• 71 Metascore
    • 75 Michael Phillips
    The most coldly compelling version yet of the tale dreamed up by the late Stieg Larsson.
    • 71 Metascore
    • 63 Michael Phillips
    Someday, if we’re all good little boys and girls, the world will hand us a Dr. Seuss film half as wonderful as one of the books. Meantime we have the competent, clinical computer animation and relative inoffensiveness of Dr. Seuss’ Horton Hears a Who! to pass the time.
    • 71 Metascore
    • 50 Michael Phillips
    Partly, I think, the problem lies in Kurzel and his key performers being so determined to make the language conversational and naturalistic, they forgot to make the individual scenes move.
    • 71 Metascore
    • 63 Michael Phillips
    Every time you start resisting, somehow the film makes the sale, again.
    • 71 Metascore
    • 75 Michael Phillips
    I can't help but wish this new Far From the Madding Crowd came with the thrill of interpretive discovery, the way Jane Campion gave Henry James' "Portrait of a Lady" a good shaking-up or, more conventionally, the way James Ivory mainstreamed E.M. Forester in "A Room With a View" and "Howards End."
    • 71 Metascore
    • 75 Michael Phillips
    With a refreshing lack of fake glamour, the film captures what it's like to be an initially unpromising comedian on the road.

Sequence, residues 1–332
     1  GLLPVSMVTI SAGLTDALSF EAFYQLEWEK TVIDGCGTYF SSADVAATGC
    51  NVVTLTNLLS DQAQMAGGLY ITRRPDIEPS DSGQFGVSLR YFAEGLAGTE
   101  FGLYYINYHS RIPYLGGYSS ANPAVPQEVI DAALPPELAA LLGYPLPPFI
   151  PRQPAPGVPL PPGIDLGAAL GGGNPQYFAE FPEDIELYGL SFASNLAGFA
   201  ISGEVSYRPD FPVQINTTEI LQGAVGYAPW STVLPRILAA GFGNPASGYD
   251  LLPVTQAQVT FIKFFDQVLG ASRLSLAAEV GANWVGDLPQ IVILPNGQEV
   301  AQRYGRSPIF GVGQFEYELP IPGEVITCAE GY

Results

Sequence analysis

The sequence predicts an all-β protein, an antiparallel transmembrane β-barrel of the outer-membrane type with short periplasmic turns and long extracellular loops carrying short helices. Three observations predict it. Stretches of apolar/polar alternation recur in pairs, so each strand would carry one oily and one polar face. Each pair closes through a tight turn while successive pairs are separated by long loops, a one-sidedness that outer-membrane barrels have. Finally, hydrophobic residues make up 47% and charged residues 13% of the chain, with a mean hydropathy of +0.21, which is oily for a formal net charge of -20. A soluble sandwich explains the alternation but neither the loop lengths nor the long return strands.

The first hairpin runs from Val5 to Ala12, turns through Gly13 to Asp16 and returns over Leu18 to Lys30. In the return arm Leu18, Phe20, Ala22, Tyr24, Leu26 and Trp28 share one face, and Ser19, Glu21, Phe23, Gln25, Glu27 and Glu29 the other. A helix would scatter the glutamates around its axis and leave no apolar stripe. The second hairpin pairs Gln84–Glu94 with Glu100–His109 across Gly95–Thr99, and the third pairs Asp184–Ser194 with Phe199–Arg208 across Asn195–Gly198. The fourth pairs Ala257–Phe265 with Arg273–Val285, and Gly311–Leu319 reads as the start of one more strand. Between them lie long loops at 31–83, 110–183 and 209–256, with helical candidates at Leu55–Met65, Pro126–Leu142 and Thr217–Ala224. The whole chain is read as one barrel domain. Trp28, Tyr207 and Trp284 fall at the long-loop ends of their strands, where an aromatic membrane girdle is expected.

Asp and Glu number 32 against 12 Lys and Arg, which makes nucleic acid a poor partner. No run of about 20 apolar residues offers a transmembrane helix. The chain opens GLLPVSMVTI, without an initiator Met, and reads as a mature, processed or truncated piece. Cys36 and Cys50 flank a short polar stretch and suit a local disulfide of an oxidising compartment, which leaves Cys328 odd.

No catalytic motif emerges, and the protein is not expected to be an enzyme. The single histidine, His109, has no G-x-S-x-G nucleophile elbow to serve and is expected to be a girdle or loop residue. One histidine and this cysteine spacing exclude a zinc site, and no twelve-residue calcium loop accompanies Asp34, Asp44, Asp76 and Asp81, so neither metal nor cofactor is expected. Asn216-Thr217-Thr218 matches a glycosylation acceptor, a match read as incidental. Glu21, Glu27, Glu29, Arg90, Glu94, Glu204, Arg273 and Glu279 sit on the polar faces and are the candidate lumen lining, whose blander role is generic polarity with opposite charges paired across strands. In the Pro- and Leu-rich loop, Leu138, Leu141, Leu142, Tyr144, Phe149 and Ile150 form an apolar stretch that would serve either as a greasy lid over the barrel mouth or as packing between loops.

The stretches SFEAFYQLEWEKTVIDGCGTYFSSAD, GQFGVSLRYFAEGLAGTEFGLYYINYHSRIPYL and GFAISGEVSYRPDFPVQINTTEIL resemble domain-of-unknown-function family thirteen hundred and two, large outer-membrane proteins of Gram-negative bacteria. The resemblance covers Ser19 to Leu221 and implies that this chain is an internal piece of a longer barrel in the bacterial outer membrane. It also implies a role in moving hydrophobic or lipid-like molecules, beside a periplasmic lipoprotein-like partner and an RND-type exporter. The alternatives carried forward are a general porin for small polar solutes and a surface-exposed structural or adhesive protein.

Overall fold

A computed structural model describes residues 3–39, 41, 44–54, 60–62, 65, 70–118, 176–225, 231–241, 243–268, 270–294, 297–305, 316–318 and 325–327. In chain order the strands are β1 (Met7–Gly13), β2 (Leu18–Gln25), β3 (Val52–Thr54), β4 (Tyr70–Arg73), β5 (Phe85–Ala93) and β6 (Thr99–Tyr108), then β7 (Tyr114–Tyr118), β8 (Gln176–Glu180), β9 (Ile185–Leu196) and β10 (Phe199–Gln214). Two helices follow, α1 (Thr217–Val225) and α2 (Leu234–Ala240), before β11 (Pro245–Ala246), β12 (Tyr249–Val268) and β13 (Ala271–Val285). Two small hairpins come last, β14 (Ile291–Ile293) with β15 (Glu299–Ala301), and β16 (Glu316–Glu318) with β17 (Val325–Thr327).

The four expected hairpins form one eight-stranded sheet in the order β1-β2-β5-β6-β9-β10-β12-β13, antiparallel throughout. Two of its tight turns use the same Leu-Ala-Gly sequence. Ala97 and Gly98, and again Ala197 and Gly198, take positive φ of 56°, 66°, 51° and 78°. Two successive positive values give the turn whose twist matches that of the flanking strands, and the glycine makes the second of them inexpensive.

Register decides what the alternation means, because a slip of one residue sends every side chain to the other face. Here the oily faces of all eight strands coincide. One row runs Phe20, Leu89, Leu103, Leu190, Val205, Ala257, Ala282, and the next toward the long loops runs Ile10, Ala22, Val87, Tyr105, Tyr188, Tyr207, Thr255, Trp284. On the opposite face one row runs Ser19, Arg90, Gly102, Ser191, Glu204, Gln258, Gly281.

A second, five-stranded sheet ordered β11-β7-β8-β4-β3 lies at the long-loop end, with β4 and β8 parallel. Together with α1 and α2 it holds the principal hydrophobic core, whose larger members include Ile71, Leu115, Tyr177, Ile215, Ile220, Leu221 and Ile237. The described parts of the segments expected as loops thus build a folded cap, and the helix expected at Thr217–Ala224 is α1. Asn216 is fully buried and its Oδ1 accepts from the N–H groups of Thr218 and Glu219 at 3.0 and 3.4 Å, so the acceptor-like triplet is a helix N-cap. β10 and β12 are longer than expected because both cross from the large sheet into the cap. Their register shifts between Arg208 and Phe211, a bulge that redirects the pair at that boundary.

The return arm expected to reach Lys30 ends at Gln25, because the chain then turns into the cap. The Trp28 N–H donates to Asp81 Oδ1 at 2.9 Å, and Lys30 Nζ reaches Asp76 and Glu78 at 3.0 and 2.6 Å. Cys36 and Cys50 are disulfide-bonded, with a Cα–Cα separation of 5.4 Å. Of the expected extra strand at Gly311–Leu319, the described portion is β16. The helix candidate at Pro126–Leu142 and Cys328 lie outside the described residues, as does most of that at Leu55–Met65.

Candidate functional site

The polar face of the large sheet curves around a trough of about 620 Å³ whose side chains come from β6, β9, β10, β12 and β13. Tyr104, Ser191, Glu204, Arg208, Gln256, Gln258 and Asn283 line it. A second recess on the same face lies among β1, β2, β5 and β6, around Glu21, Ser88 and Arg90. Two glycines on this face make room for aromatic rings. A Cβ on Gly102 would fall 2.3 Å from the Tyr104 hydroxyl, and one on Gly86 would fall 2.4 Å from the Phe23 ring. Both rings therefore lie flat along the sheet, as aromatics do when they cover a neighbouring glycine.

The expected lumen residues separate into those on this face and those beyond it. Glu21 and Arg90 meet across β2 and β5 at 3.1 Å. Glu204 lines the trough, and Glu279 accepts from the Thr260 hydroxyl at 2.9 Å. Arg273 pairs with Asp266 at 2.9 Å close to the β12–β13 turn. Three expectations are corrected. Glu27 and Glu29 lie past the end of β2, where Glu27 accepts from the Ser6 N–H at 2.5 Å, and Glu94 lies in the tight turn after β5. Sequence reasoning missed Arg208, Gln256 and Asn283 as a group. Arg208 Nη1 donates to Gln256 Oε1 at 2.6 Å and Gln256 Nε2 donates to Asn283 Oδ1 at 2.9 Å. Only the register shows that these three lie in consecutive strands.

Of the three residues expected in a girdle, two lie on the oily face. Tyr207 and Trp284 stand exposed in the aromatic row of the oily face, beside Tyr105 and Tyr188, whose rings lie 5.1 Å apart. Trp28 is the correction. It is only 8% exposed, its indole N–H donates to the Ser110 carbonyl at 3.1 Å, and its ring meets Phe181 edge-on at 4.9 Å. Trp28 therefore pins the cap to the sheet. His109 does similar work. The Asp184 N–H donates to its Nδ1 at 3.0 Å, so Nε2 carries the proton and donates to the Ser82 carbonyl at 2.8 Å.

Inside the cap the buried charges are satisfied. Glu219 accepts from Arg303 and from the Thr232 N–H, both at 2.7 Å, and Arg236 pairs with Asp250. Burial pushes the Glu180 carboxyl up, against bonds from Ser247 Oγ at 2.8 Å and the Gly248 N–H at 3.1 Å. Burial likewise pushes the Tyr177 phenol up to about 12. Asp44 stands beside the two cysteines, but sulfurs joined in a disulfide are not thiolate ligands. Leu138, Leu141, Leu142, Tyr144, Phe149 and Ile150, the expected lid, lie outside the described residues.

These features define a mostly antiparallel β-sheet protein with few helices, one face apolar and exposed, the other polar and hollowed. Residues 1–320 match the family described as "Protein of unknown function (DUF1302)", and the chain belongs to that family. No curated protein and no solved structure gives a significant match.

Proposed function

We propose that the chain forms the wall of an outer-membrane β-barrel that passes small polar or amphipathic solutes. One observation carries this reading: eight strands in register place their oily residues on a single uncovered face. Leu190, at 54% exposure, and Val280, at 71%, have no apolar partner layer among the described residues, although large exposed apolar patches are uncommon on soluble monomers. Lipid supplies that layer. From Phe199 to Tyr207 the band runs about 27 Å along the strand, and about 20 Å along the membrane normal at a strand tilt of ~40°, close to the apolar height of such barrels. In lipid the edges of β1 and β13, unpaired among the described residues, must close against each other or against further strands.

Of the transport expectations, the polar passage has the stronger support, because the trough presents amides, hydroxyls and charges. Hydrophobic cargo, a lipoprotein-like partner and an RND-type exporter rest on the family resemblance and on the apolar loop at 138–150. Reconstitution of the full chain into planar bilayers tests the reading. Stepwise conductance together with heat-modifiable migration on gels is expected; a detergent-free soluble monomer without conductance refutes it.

• 71 Metascore
    • 100 Michael Phillips
    Not since Robert Altman took on “Popeye” a generation ago, and lost, has a major director addressed such a well-loved, all-ages title. This time everything works, from tip to tail.
    • 71 Metascore
    • 63 Michael Phillips
    The film is a clever if increasingly mechanical suspense contraption, yanking our sympathies this way and that, before turning into a different sort of movie entirely.
    • 71 Metascore
    • 88 Michael Phillips
    If Beyond the Gates were merely a well-intentioned bore, the reality might seem jarring. As is, the coda fits and feels like the only possible ending--proof that surviving to help tell the story of a genocidal nightmare is the best revenge.
    • 71 Metascore
    • 75 Michael Phillips
    This is straight-up commercial comedy, low-keyed diversion, and while it can't hold a candle to recent, dark-comic Israeli achievements such as Joseph Cedar's "Footnote," the actors more than save it.
    • 71 Metascore
    • 50 Michael Phillips
    The skillful quartet at the center of Drinking Buddies reveals the weaknesses in the material.
    • 71 Metascore
    • 50 Michael Phillips
    What are they trying to accomplish and is this really the best way to accomplish it?
    • 71 Metascore
    • 75 Michael Phillips
    So what is it? Primarily it's a showcase for Vincent Cassel, who dines out on the role and won a Cesar award (the Gallic Oscar) for his efforts.
    • 71 Metascore
    • 88 Michael Phillips